By Ed Huyck
By Melissa Wray
By Patrick Strait
By Jonathan McJunkin
By B Fresh Photography
By Ryan Siverson
By Kendra Sundvall
By Ed Huyck
The Chinese counterfeiter was good, but not good enough to fool Charleen Fenick. "See this?" she inquires as half a dozen fellow collectors crowd her table at the Airport Hilton in Bloomington. She is holding a small white beanbag bear with a red heart embroidered on its chest. It's Valentino the White Bear with Heart, known to insiders simply as Val.
The spectators roll their eyes at the shoddy workmanship: "Look how stumpy the arms are," one says. "That one's so obvious. And it doesn't have the sheen." Fenick rubs her finger along the material to demonstrate how the bear's coat is too cottony, lacking the velvet luster of a true Beanie Baby. She places her finger under the red ribbon around Val's neck and lifts it up: "This is a pretty good ribbon," she explains to an uninitiated visitor, "but it's stitched right to the Beanie. Ty never does that."
"Ty" is Ty Warner, the prophet, grand master, and godfather of Beanie Baby collectors worldwide. After a long stint working for stuffed-animal maker Dakin Inc., he launched several unsuccessful product lines through his Oak Brook, Ill.-based company, Ty Inc., before creating his first Beanie in 1993. Now he's big enough to have his photo taken by Annie Leibovitz for the Vanity Fair 1998 Hall of Fame. The magazine estimated Ty Inc.'s sales this year at $2.5 billion.
Warner is said to be reclusive, and the secrecy with which he runs his company has been compared to the hush-hush aura of Willy Wonka's Chocolate Factory. His stuffed animals have a suggested retail price of between $5 and $8, but in the collector's market, some fetch almost $5,000. An estimated 5 million people worldwide have taken up Beanie collecting since Warner released his first creature, and 600 of them made it to the November 23 Upper Midwest Beanie and Collectible Expo in Bloomington. (Similar shows, often organized by local collectors, have been staged in cities around the nation, drawing crowds of up to 8,000.)
Fenick--middle-aged, of average height and build, with auburn hair just long enough to show some curl--is fairly typical of the crowd at the Airport Hilton. Most of the exhibitors and visitors are women, though there's a substantial contingent of men, including Benjamin Latz, a 24-year-old second-grade teacher from the northern suburbs. His inventory of some 1,000 Beanie Babies and Disney Mini Bean Bag Plush creatures (one of several lines of Beanie competitors that includes such characters as Mary Poppins and Winnie the Pooh) sits neatly stacked in plastic boxes behind his table. Latz has cross-referenced his catalog on sheets of notebook paper; it takes him mere seconds to locate a Harley-Davidson Beanie at a customer's request.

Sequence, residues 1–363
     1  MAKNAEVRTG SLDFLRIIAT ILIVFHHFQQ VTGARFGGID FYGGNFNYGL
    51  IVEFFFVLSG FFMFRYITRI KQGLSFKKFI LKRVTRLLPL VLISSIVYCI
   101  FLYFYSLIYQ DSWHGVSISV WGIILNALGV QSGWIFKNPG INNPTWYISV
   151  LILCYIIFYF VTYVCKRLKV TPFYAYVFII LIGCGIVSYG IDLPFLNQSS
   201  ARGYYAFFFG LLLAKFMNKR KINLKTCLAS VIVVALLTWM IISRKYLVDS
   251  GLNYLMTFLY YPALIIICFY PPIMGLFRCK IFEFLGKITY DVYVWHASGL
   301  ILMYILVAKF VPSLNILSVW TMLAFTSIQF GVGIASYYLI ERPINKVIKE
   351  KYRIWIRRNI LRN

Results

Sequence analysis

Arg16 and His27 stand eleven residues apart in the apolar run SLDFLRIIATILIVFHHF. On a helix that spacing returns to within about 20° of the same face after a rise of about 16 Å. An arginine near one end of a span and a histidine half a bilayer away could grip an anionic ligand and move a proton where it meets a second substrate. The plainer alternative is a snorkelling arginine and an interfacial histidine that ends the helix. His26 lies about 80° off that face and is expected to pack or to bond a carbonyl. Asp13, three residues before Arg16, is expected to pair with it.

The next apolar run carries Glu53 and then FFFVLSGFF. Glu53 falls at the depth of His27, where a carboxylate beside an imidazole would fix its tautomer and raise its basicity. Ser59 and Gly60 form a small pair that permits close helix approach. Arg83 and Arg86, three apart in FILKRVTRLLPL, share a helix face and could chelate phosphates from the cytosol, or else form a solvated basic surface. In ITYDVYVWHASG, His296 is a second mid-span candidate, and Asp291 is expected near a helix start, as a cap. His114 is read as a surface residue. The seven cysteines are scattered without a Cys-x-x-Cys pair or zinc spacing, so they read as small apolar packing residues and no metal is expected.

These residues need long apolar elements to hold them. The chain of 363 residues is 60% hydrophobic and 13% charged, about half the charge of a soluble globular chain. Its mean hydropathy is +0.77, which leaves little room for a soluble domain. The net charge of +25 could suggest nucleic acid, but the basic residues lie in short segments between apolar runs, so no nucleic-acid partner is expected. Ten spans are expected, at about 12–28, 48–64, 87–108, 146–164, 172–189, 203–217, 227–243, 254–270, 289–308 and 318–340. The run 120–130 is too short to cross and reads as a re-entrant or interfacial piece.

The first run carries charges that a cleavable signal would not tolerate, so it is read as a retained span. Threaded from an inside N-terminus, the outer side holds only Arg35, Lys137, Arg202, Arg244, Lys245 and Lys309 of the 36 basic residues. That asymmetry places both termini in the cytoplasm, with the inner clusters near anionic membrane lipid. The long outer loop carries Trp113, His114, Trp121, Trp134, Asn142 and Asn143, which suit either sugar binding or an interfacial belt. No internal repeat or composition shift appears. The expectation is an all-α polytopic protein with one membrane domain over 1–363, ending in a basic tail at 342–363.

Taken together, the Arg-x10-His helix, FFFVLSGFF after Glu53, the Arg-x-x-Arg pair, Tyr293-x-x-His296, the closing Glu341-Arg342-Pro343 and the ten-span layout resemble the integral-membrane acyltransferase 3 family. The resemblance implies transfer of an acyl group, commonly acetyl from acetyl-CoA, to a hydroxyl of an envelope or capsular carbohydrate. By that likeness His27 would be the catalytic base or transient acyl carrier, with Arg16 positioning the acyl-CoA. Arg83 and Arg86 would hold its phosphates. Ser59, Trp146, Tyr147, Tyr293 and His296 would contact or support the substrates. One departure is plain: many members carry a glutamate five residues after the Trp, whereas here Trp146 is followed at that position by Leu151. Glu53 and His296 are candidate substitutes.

Latz says he first saw Beanies when his students brought them to school; now he owns a vast collection, which he insists he has "no intention of selling." But in the process of hunting Beanies for himself, he has amassed a fair number of duplicates, some of which he hopes to unload at today's show to recoup his expenses.
Most of the other exhibitors say the same thing: They're collectors first and sellers second. Their tables brim with Beanies of all sorts and colors: Most of the 150-some Beanies released so far are represented, along with Disney beanies, a few Furbys (the computerized stuffed critters from Tiger Electronics that have set off a buying frenzy this holiday season), and Beanie accessories: tiny eyeglasses, Lilliputian furniture, minuscule high-top tennis shoes (red or blue, $3 per pair). Staff writers from Mary Beth's Beanie World, a year-old magazine that claims to have just passed the 1-million circulation mark, are on hand, drawing a nonstop line of autograph-seekers.
Fenick is not selling anything at the show. She's just here to hang out with her friend Patty McKasy and to enlighten those in attendance on the fine points of Beanie fakery. A collector she knows just returned from Beijing, she explains, where he acquired a load of imitation Beanies. They are being distributed for educational purposes only, Fenick hastens to point out: Her friend made sure that "no counterfeit Beanie went to anyone who's going to do anything icky with it."
"Icky," indeed, is a word rarely applied to the Beanie craze--though "bizarre," "mysterious," and "secretive" all seem to apply. No one ever knows how many of any Ty creature have been or will be made before it is "retired" or altered in some way that makes it a new version. Announcements of releases and retirements are officially made in the News Flash section of the official Ty Beanie Web site, www.ty.com; they come at random and without warning, leaving collectors constantly speculating about what Ty will do next. Fans are also on their own to discern the subtle variations among different "generations," and to discover the tiny manufacturing errors that can turn a run-of-the-mill critter into a priceless commodity.
One thing, however, is certain, and known to even the rookie Beanist: You do not cut the tags off your Beanies. The little sewn-in piece of cloth that hangs from the midsection of any Ty creature is called a tush tag (TT on price lists)--even if the toy is, say, Sting the Stingray, who doesn't have the anatomy to go with the tag. To keep its full value, a Beanie must have an intact tush tag and a hang tag or swing tag, a heart-shaped piece of cardboard that is attached to the Beanie with a plastic connector. Without either, a Beanie's value can plummet 50 percent to 75 percent; it is a mere toy then, not a mint-condition collectible.
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